For Immediate Release
Contact: Dan Lutz, 347.835.3429
NEW YORK CITY, September 10, 2012 — The New York State Nurses Association is breaking ground on a new Midtown office, this Wednesday, Sept. 12 at 5:30 PM at 131 West 33rd St.
Association leaders say the office will be the nerve center to mobilize members for a grassroots campaign to pass safe nurse staffing legislation.
Nurses are backing a bill that would set a limit on the number of patients a nurse can be forced to care for at a time. Currently, hospital administrators can force nurses to care for 9, 10, or even more patients at a time.
Just blocks from Penn Station, the new office will include a communications center, a phone banking center, meeting space for nurses, and the union’s new strategic research operation.
“We’re building a grassroots campaign to pass safe nurse staffing legislation,” says Nancy Kaleda, NYSNA Deputy Director. “This new office will be a place where nurses from all over the metropolitan New York City area can come together and help shape the future of their union and nursing.”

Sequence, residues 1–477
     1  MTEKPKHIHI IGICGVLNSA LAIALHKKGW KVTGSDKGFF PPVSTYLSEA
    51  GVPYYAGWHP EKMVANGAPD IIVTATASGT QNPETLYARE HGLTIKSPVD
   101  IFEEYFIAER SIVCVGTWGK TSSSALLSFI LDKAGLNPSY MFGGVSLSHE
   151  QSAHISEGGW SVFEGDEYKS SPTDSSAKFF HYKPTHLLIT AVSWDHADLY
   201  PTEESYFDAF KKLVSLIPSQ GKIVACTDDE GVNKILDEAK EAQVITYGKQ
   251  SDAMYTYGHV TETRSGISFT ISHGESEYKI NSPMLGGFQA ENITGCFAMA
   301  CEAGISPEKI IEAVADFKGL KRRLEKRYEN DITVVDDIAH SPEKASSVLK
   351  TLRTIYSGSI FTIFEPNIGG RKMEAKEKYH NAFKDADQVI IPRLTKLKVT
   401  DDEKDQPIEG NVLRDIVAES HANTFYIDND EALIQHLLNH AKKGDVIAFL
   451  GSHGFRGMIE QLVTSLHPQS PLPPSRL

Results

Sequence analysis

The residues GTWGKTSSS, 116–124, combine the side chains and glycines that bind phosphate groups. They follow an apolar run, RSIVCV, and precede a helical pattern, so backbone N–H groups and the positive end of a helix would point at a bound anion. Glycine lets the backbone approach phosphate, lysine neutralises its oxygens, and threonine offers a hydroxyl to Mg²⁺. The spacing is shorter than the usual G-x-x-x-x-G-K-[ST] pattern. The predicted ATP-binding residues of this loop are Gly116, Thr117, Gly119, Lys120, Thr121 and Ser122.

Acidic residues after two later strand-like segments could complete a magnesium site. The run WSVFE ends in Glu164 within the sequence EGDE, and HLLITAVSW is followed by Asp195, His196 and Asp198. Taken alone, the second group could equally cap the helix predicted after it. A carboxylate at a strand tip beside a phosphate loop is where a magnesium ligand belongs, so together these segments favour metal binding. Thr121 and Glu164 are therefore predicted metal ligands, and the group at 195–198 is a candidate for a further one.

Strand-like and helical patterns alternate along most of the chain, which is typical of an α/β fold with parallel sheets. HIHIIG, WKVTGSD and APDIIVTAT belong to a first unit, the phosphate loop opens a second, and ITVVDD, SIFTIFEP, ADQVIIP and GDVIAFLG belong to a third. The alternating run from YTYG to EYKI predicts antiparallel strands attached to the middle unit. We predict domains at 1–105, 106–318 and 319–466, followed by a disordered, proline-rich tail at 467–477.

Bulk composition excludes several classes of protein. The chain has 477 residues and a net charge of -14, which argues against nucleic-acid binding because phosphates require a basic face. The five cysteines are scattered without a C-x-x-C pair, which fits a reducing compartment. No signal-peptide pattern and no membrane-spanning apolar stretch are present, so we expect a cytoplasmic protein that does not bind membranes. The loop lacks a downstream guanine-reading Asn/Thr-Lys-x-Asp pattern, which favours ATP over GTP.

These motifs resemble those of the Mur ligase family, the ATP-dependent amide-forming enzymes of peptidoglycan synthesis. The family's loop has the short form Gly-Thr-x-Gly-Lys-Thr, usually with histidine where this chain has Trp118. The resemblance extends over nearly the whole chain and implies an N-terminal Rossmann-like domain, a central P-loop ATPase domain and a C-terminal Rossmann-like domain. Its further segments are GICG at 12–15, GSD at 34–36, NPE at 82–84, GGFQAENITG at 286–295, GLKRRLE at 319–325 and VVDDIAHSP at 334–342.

NYSNA represents nurses at some of the city’s biggest hospitals – including New York-Presbyterian, Montefiore, Maimonides, Mt. Sinai, St. Luke’s Roosevelt, Bellevue, and the entire HHC system.
The new office is part of a new, more militant direction for the nurses’ union.
In May, thousands of nurses voted for new union rules that increase direct member control over their organization.
“Corporate greed is destroying healthcare and hurting our patients,” says Kaleda. “It’s time to push back and demand the care that our patients deserve.”
The New York State Nurses Association is the voice for nursing in the Empire State. With more than 37,000 members, it is New York’s largest professional association and union for registered nurses. The association represents registered nurses, and some all-professional bargaining units, in New York and New Jersey. It supports nurses and nursing practice through education, research, legislative advocacy, and collective bargaining.
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